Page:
Yesterday, my local MP, Nicky Wagner, did me the courtesy of returning my phone call to her office the day before asking to speak with her about the Trans-Pacific Partnership Agreement. I wanted to find out what her position on it was, and, assuming she was following the National party line, what benefit she thought it would be to her constituents...
I mentioned some of my concerns to her, and that, from what I could see, the National Government had not produced any compelling or credible case for NZ signing up to the Agreement, other than "ever body else is doing it, so we should too".
I told her I was very disturbed by the secrecy of the negotiations, and the implications for our democratic process - I consider such secrecy fundamentally undermined our democratic society, which assumes that our elected officials govern in the open, transparently, so that their constituents can witness - and hold them accountable for - the decisions they make and the commitments they enter into on our behalf.
She somewhat breezily said something like "Oh, but all trade agreements are negotiated in secret", to which I responded that her assertion is false, and what's more the TPPA is far more than a mere trade agreement. Even so, I also disagreed with her assertion. To this she said, "Well, if you were buying a house at auction, you wouldn't expect bidders to tell you how much they're going to bid?!". Surprisingly, I agreed with her, and I also saw the basic flaw in her analogy, and I hope it doesn't reveal the lack of understanding it seems to...
Let me carrying her "buying house at auction" analogy further, and correct her application. No, it would be ridiculous to ask the bidders at a house auction to disclose their various "bottom lines". In the TPPA case, the "bottom line" is the nature and size of the maximum concessions that our negotiators are willing to make to the other parties. That's fine, I have no issue with that being secret. But it's assumed that everyone bidding at a house has seen the house personally - been inside and done a due diligence. In the case of the TPPA, this is where Nicky's got things mixed up. In this analogy, we're buying a house we not only haven't seen, but whose address we don't even know. Thanks to Wikileaks, we have a general idea of the neighbourhood it's in, but even within a neighbourhood there's a lot of variability, and we have no idea how many rooms it has! It could be a hovel or a caravan for all we know. Or a meth lab.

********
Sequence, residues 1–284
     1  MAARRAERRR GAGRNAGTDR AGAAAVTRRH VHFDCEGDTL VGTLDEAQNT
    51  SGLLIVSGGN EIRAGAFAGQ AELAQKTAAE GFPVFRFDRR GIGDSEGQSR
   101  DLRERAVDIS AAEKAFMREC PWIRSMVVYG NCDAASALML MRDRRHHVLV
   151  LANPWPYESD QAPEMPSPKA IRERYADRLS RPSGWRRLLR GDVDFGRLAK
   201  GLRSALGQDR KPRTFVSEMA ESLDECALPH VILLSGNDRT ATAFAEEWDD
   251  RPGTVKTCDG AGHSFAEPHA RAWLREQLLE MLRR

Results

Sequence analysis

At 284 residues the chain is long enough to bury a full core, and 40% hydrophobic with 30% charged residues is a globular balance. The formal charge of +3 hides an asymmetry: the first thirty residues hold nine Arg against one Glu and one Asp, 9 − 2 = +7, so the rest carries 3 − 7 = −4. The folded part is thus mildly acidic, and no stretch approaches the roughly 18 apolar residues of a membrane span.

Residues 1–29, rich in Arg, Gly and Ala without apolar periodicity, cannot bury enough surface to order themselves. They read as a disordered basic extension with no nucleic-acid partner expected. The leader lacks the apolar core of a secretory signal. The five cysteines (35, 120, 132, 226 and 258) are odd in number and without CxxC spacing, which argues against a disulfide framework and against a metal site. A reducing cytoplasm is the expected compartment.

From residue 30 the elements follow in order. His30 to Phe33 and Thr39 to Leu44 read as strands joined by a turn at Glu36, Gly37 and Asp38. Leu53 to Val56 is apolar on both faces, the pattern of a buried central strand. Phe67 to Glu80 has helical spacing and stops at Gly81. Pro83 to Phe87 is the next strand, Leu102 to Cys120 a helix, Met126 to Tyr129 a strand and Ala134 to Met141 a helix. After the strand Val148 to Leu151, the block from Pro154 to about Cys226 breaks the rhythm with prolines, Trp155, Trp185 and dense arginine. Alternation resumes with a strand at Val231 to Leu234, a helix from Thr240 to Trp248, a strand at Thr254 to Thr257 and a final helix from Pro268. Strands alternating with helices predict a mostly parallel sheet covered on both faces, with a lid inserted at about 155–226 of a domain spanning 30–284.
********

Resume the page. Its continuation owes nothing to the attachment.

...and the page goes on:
Nicky told me that I should trust in her good friend Tim Groser's judgment. I told her that there are indications that his negotiators, regardless of their intentions, have not been achieving good results. The National Government seems committed to signing up to the TPPA - in a house buying situation, the sensible buyer is willing to walk away when the price is too high. I'm not convince that John Key or Tim Groser will have that sense. I do not see any reason to believe that they are working for the best interests of the NZ citizens, which is why I want them to release the full text of the Agreement for public scrutiny, including amendments made after each set of negotiations.
Nicky generously offered to provide me links to the compelling TPPA arguments she'd seen (and I'll amend this post with them if/when I receive them) and I finished by telling her that, pending some compelling reason to change my impression, that I, for one, would consider any MP who supports signing the TPPA... a traitor to their constituents and NZ.